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J Intern Med. 2004 Feb;255(2):179-87.

Metformin and lactic acidosis: cause or coincidence? A review of case reports.

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Department of Internal Medicine, Diakonessenhuis, Utrecht, The Netherlands.



Metformin has been associated with the serious side-effect lactic acidosis. However, it remains unclear whether the use of metformin was a cause or a coincidence in lactic acidosis.


A literature search of the Index Medicus (1959-66) and of the databases Embase, Medline, Medline Express (1966-99) was performed using the keywords metformin, biguanides and lactic acidosis. All articles of cases with metformin-induced lactic acidosis (MILA) were cross-referenced.


Cases were included for analysis if they met the following criteria: serum pH < or =7.35, lactate concentration > or =5 mmol L(-1).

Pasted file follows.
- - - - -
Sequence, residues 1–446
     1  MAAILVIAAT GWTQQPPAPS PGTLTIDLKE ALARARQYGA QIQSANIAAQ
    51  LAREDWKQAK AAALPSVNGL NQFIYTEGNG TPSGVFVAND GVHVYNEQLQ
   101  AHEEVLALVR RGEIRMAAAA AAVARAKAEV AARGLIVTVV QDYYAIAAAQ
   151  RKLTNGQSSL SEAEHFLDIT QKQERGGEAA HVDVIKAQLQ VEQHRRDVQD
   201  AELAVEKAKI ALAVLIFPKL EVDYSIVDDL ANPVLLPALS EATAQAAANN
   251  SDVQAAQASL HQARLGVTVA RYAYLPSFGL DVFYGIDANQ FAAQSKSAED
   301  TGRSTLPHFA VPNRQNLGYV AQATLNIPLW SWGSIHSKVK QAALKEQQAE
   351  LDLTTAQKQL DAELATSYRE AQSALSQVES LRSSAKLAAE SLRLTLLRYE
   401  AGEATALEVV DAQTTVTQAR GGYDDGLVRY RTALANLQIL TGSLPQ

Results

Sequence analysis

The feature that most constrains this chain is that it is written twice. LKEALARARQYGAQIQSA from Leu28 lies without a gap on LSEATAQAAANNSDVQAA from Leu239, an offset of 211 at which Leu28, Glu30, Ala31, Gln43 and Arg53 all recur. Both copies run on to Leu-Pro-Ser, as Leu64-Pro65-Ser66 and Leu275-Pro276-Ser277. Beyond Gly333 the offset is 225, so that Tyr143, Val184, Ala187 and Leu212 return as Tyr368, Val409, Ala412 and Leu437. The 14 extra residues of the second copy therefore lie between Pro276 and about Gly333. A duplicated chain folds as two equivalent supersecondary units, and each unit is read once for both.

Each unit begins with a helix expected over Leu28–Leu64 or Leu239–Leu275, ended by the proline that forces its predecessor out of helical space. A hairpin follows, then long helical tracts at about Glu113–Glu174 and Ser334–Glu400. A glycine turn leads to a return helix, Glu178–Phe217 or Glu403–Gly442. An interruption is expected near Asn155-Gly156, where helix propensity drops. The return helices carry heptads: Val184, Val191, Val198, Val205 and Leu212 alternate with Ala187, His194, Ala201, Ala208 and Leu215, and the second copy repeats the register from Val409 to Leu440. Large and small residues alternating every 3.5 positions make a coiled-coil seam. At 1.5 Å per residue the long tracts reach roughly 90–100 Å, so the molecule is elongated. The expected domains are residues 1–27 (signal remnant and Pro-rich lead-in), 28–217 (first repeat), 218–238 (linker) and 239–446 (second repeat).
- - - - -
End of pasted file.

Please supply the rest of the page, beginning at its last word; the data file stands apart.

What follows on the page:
A forum of six experts in intensive care medicine independently categorized the cases in MILA unlikely (score 0), possible MILA (score 1) or probable MILA (score 2).


Statistical analysis included the paired interobserver agreement (kappa) and multivariate regression analysis.


Of 80 reported cases, 33 were excluded because of insufficient quality. The forum scores of the remaining 47 cases were distributed normally with a mean score of 7 (range 2-10). The kappa-value was 0.041 (SD = 0.24, range -0.514, 0.427). Neither lactate concentration nor mortality correlated with serum metformin concentrations.


Given the low interobserver agreement and the lack of any relationship between metformin levels and outcome parameters, the concept that there is a simple, causal relationship between metformin use and lactic acidosis in diabetic patients has to be reconsidered.

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